All songs written and composed by John Kander and Fred Ebb

Cabaret: Original Soundtrack Recording[8][9]
No. Title Performer Length
1. "Willkommen"   Joel Grey 4:29
2. "Mein Herr"   Liza Minnelli 3:36
3. "Maybe This Time"   Liza Minnelli 3:11
4. "Money, Money"   Joel Grey, Liza Minnelli 3:04
5. "Two Ladies"   Joel Grey 3:11
6. "Sitting Pretty"   Instrumental 2:27
7. "Tomorrow Belongs to Me"   Mark Lambert 3:06
8. "Tiller Girls"   Joel Grey 1:41
9. "Heiraten (Married)"   Greta Keller 3:33
10. "If You Could See Her"   Joel Grey 3:54
11. "Cabaret"   Liza Minnelli 3:34
12. "Finale"   Joel Grey 2:28
Total length:

The following songs from the original Broadway production were omitted from the film version: "So What?", "Don't Tell Mama", "Telephone Song", "Perfectly Marvelous", "Why Should I Wake Up?", "The Money Song" (disparate from "Money, Money"), "It Couldn't Please Me More", "Meeskite" and "What Would You Do?"


The film was immediately successful at the box office. By May 1973 it had earned rentals of $4.5 million in North America and $3.5 million in other countries and reported a profit of $2,452,000.[1]

Critical reaction

The film currently holds a 97% "Fresh" rating on Rotten Tomatoes, with the consensus "Great performances and evocative musical numbers help Cabaret secure its status as a stylish, socially conscious classic."[10]

In 1995, Cabaret was selected by the Library of Congress for preservation in the United States National Film Registry as being deemed "culturally, historically, or aesthetically significant".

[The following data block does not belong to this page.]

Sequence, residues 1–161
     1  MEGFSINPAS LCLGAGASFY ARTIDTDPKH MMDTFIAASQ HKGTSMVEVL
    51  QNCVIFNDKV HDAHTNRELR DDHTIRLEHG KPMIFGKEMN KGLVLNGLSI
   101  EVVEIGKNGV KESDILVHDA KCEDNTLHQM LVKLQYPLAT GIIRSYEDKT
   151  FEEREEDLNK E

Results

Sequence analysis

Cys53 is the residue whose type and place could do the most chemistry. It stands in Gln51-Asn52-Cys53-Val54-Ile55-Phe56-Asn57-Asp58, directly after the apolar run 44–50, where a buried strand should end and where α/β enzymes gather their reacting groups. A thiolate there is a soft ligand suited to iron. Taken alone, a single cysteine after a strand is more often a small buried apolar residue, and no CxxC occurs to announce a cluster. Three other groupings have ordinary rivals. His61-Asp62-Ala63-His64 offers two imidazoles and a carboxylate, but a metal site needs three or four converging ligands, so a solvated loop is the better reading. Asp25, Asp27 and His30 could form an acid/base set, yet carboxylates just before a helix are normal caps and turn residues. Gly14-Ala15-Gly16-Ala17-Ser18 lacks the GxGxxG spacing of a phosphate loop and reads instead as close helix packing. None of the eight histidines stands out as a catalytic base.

In 2013, film critic Peter Bradshaw listed Cabaret at number one on his list of "Top 10 musicals," describing it as "satanically catchy, terrifyingly seductive ... directed and choreographed with electric style by Bob Fosse ... Cabaret is drenched in the sexiest kind of cynicism and decadent despair."[11]

Roger Ebert make a positive review saying: "This is no ordinary musical. Part of its success comes because it doesn't fall for the old cliché that musicals have to make you happy. Instead of cheapening the movie version by lightening its load of despair, director Bob Fosse has gone right to the bleak heart of the material and stayed there well enough to win an Academy Award for Best Director." Variety says: "The film version of the 1966 John Kander-Fred Ebb Broadway musical] Cabaret is most unusual: it is literate, bawdy, sophisticated, sensual, cynical, heart-warming, and disturbingly thought-provoking. Liza Minnelli heads a strong cast. Bob Fosse’s generally excellent direction recreates the milieu of Germany some 40 years ago."[12] Jamie Russel from reviewed: " The first musical ever to be given an X certificate, Bob Fosse's "Cabaret" launched Liza Minnelli into Hollywood superstardom and reinvented the musical for the Age of Aquarius."[13]


The film earned a total of eight Academy Awards: